Proposition One – The Crisis Care Centers Levy is on its way to being approved by voters in King County. It will fund five new crisis care centers in the coming years. But, one King County city is ahead of the curve and will be opening their own mental health crisis center next spring.
In this episode of All Policy is Local, Seattle City Councilmember Andrew J. Lewis interviews Kirkland Councilmember Neal Black about his city’s work to bring this critical resources online. The councilmembers also talk about the new dual dispatch system Kirkland has created to help get people there by sending mental health professionals to crisis calls along with police officers.
2:37 | What Seattle can learn from the way Kirkland responds to people in mental health crisis
Councilmember Black talks about the work Kirkland did in the wake of George Floyd’s murder to reimagine how the city responds to mental health crisis calls. The city now has a dual-dispatch style system in place where both police and mental health professionals are dispatched to crisis calls. The Seattle City Council included funding for a similar program in the budget last fall, however the program has not yet been put into action.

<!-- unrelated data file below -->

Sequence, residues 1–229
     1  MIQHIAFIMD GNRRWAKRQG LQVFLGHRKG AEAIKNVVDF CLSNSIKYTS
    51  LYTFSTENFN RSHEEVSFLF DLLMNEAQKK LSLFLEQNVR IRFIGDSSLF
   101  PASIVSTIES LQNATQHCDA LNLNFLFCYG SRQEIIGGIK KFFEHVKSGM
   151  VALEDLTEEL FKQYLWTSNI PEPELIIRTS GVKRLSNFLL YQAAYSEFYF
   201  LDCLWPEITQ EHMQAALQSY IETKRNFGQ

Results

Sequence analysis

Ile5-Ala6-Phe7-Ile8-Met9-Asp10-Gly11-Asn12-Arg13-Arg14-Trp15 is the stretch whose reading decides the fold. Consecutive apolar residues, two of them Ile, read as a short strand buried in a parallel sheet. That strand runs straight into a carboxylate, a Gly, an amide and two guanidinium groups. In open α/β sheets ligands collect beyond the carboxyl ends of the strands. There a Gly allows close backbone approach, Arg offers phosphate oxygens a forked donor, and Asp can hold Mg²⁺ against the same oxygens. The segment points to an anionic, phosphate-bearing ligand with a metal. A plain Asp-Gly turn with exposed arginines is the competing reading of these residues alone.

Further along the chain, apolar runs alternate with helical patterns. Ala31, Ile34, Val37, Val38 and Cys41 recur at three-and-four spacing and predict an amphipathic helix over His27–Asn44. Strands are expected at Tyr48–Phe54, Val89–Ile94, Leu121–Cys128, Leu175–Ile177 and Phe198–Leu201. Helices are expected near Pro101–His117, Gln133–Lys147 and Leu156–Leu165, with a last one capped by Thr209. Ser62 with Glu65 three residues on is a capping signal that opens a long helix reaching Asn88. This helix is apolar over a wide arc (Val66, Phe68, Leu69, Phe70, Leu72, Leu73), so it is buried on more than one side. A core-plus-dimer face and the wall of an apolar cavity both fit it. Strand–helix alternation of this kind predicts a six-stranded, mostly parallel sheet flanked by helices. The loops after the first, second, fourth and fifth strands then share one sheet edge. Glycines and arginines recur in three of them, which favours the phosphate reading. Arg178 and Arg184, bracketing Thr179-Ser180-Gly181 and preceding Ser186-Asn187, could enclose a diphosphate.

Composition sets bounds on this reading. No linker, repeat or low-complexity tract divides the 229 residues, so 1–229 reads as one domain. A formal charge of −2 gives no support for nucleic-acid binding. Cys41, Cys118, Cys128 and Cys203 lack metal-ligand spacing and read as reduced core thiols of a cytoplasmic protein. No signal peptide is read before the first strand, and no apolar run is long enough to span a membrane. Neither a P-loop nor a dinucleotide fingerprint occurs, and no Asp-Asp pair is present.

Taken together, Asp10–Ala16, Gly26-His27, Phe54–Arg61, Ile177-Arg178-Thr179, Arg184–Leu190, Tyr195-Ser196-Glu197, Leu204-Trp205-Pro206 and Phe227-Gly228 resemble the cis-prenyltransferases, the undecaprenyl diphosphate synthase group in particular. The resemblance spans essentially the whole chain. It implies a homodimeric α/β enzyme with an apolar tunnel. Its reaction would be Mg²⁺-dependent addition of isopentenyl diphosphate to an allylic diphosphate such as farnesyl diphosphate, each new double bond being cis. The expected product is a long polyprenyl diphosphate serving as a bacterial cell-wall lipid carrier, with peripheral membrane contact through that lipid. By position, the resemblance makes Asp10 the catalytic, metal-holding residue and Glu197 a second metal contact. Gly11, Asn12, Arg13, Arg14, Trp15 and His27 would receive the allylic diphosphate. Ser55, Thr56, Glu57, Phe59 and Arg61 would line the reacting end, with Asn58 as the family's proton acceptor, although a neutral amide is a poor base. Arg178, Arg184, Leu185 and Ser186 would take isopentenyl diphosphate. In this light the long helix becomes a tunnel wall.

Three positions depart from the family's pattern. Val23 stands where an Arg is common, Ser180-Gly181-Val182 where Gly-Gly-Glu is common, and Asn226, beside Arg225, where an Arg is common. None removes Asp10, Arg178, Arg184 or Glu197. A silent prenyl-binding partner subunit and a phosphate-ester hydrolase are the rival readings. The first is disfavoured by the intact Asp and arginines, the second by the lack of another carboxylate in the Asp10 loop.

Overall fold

15:10 | How Kirkland created their own mental health crisis center
Councilmember Black shares insights and lessons learned about how Kirkland went about creating their own mental health crisis center, well before King County’s Proposition One went to the ballot.
21:00 | The ‘no wrong door’ system
The crisis center will run on a “no wrong door” system. The councilmember explains what that is and why it’s so important for the success of the center.
21:45 | Where the mental health crisis center will be built
The buildings that house mental health crisis centers must meet very specific requirements. Councilmember Black talks about what went into finding the perfect location and why it’s so difficult.
28:38 | What happens when people leave treatment and need housing?
Kirkland’s Council has had a strong focus on housing, passing its own missing middle housing bill in 2020 to create more affordable housing and essentially make single family zoning illegal in city limits. Councilmembers Black and Lewis talk about how addressing King County’s housing crisis and supporting people exiting mental health treatment are intrinsically connected.